Article (grammar)

definite articlearticlearticlesindefinite articledefiniteindefinitedefinite articlesgrammatical articledefinite and indefinite articlesdefinite-article
An article (with the linguistic glossing abbreviation ) is a word that is used with a noun (as a standalone word or a prefix or suffix) to specify grammatical definiteness of the noun, and in some languages extending to volume or numerical scope.wikipedia
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List of glossing abbreviations

abbreviatedglossing abbreviationglossing abbreviations
An article (with the linguistic glossing abbreviation ) is a word that is used with a noun (as a standalone word or a prefix or suffix) to specify grammatical definiteness of the noun, and in some languages extending to volume or numerical scope.

Noun

nounssubstantiveabstract noun
An article (with the linguistic glossing abbreviation ) is a word that is used with a noun (as a standalone word or a prefix or suffix) to specify grammatical definiteness of the noun, and in some languages extending to volume or numerical scope.
In English, nouns are those words which can occur with articles and attributive adjectives and can function as the head of a noun phrase.

Grammatical number

numbersingularnumbers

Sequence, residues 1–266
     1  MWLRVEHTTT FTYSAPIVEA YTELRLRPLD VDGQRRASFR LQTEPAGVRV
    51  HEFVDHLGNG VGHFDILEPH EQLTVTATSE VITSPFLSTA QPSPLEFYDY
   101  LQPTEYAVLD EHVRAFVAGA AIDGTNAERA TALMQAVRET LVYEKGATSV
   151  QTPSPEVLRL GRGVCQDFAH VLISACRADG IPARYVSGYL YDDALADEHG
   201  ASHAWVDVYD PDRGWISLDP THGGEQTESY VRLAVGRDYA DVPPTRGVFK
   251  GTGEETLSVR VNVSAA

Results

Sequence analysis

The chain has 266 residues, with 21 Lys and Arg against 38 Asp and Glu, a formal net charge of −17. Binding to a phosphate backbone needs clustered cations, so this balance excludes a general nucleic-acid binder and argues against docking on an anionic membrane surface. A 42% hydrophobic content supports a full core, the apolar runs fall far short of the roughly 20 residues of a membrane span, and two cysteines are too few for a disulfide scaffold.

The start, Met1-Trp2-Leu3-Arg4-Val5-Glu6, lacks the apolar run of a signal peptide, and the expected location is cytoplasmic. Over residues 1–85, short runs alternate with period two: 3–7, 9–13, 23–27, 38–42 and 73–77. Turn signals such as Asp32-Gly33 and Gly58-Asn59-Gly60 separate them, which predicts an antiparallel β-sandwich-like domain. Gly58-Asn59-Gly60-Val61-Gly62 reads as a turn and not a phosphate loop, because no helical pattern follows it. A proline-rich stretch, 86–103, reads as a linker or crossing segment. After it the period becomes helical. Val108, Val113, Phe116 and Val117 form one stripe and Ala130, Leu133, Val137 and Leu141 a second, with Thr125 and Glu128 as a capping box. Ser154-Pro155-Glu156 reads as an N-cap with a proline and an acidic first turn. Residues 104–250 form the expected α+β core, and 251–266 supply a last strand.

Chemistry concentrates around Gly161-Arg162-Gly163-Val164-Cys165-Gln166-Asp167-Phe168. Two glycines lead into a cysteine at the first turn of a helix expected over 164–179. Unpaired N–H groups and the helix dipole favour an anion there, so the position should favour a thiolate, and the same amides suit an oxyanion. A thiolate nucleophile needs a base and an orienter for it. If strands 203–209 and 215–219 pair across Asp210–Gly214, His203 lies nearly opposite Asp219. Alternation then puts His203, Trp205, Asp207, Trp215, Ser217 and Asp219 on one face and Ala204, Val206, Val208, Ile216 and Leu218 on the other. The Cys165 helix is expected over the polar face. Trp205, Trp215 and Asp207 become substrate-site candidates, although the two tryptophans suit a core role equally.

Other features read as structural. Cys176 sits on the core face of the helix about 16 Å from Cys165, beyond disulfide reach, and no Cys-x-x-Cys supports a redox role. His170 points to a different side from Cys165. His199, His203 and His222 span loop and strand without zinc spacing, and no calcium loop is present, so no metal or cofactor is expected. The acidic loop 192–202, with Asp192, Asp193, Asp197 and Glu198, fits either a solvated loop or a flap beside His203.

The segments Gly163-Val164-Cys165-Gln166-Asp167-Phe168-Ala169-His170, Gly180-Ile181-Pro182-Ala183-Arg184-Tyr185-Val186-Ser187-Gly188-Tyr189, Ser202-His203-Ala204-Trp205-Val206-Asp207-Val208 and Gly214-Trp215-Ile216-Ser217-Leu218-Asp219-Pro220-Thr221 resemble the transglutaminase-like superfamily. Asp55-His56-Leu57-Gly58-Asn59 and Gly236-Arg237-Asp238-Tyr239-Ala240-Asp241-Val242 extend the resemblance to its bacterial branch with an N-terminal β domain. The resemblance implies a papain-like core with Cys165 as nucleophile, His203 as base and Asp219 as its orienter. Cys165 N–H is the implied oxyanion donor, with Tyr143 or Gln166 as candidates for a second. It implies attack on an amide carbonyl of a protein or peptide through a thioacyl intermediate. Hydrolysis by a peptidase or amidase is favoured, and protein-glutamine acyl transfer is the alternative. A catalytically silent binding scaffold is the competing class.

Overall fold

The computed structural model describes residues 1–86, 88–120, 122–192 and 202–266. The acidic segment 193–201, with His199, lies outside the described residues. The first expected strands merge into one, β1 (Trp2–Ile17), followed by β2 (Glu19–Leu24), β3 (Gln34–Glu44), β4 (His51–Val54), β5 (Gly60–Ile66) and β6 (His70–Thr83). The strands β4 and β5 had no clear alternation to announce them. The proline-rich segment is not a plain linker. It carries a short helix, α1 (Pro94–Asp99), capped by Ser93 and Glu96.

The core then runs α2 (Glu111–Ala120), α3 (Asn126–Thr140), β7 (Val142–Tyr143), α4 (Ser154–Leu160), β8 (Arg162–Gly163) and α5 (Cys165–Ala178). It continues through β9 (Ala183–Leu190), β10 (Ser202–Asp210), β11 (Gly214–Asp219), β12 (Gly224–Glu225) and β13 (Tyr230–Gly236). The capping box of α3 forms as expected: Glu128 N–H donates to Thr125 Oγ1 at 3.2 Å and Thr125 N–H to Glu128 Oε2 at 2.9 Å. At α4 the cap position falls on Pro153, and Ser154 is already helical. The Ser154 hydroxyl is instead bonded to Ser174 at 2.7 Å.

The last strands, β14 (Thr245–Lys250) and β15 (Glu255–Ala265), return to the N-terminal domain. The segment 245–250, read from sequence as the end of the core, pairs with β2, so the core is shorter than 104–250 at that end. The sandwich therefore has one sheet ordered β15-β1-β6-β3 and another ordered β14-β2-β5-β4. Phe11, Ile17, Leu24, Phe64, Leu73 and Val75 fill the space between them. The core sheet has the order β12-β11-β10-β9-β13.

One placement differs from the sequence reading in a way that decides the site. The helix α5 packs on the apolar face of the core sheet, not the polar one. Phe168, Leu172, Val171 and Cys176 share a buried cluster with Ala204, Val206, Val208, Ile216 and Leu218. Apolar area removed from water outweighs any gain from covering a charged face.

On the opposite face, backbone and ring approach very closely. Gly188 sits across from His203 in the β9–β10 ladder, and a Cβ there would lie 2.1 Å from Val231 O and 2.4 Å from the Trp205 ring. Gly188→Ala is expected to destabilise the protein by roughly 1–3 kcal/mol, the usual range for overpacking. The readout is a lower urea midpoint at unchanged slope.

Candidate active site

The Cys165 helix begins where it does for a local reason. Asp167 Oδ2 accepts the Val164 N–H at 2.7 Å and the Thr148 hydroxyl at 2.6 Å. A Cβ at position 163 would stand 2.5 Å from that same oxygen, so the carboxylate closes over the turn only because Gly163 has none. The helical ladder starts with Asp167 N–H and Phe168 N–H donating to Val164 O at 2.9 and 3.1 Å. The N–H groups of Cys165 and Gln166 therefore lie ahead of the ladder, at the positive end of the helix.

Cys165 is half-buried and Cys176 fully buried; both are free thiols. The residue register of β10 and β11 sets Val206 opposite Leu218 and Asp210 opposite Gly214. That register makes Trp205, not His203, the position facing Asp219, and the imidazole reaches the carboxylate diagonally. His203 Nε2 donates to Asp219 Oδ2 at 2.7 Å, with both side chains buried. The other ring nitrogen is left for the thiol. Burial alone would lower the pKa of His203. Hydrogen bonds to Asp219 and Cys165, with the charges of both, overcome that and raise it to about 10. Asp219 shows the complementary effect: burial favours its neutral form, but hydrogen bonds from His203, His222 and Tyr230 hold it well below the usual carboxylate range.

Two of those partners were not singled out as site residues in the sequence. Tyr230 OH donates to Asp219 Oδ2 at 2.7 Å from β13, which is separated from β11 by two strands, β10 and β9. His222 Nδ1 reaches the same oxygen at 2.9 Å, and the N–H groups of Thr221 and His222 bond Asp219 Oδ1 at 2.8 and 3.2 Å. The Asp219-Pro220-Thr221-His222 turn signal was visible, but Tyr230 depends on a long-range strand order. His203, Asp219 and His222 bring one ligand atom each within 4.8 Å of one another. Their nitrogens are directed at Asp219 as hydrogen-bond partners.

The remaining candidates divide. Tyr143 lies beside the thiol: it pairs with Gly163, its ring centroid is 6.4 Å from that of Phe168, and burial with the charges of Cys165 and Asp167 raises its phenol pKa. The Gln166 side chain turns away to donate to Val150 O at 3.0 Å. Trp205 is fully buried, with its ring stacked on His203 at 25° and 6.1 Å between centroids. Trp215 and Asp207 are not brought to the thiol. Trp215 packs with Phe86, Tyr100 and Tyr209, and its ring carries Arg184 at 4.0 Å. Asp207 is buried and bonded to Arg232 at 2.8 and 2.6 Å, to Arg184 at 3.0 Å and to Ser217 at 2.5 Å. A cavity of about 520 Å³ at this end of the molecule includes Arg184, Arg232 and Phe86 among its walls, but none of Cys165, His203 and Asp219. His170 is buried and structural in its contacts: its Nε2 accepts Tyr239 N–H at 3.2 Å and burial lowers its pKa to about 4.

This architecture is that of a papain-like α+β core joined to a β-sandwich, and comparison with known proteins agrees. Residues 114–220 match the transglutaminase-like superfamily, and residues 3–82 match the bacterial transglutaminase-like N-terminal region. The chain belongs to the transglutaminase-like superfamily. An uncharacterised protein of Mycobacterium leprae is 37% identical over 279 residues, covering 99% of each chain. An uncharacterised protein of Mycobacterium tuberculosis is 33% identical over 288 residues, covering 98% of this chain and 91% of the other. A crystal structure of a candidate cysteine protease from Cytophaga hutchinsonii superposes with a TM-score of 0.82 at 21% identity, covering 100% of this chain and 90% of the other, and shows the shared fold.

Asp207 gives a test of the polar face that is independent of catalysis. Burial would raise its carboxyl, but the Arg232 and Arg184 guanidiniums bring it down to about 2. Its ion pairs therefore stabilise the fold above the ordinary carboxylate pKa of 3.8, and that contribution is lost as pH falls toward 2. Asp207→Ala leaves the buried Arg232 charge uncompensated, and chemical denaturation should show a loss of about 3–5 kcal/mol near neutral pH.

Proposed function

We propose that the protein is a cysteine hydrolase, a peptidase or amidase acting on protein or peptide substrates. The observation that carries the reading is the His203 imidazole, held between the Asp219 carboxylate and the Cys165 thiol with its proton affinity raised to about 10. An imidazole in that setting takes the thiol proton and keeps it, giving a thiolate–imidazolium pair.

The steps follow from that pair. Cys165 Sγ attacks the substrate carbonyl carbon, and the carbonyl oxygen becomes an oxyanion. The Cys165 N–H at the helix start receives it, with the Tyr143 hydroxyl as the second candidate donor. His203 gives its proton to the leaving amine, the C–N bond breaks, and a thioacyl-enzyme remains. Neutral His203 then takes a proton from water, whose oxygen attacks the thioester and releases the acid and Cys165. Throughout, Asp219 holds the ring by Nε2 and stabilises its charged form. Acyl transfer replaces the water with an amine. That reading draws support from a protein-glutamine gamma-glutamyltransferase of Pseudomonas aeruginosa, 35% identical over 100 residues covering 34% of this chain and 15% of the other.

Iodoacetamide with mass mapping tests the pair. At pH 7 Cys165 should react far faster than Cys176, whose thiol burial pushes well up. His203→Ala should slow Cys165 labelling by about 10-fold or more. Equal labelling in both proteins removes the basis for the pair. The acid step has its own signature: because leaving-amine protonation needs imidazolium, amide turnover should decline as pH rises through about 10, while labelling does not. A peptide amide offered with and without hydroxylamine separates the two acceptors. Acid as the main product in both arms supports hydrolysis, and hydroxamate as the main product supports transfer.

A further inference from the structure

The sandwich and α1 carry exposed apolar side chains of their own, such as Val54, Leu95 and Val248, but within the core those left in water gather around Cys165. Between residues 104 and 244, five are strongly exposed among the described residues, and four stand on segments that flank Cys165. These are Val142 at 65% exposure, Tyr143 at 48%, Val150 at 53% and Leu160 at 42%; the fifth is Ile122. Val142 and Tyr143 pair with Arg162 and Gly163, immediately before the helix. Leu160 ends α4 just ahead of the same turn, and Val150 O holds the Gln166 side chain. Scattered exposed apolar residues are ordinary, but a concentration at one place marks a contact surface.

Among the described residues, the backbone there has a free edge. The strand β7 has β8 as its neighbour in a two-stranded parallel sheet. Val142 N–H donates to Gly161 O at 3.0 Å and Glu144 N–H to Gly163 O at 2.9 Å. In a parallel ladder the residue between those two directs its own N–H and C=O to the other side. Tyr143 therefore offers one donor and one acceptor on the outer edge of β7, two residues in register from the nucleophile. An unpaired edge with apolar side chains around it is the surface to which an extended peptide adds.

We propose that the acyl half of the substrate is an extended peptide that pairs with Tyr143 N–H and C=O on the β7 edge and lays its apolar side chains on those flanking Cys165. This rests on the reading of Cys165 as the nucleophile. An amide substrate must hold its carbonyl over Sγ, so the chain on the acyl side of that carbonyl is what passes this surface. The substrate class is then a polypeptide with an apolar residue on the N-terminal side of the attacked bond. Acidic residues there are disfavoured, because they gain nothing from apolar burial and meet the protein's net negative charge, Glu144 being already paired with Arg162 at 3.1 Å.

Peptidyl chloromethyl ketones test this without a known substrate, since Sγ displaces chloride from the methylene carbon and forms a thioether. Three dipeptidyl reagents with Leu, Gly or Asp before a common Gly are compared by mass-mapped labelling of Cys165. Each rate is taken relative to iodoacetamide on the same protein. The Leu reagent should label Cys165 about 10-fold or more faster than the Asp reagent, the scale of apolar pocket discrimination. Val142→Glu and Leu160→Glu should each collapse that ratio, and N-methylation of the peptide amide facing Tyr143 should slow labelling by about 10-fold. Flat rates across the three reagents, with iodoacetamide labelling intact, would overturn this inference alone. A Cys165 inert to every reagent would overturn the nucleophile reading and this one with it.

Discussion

In languages that employ articles, every common noun, with some exceptions, is expressed with a certain definiteness, definite or indefinite, as an attribute (similar to the way many languages express every noun with a certain grammatical number—singular or plural—or a grammatical gender). Within each type, languages may have various forms of each article, due to conforming to grammatical attributes such as gender, number, or case.
This is partly the case in English: every noun is either singular or plural (a few forms, such as "fish", can be either, according to context), and at least some modifiers of nouns—namely the demonstratives, the personal pronouns, the articles, and verbs—are inflected to agree with the number of the nouns to which they refer: "this car" and "these cars" are correct, while "*this cars" or "*these car" are ungrammatical and, therefore, incorrect.

Part of speech

parts of speechclosed classword class